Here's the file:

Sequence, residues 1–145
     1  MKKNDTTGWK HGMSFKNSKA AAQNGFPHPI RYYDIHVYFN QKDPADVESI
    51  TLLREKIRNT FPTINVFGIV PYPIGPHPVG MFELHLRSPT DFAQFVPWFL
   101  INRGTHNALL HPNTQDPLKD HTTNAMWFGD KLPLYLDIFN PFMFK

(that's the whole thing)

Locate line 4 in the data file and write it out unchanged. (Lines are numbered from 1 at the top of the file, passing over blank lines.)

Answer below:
   101  INRGTHNALL HPNTQDPLKD HTTNAMWFGD KLPLYLDIFN PFMFK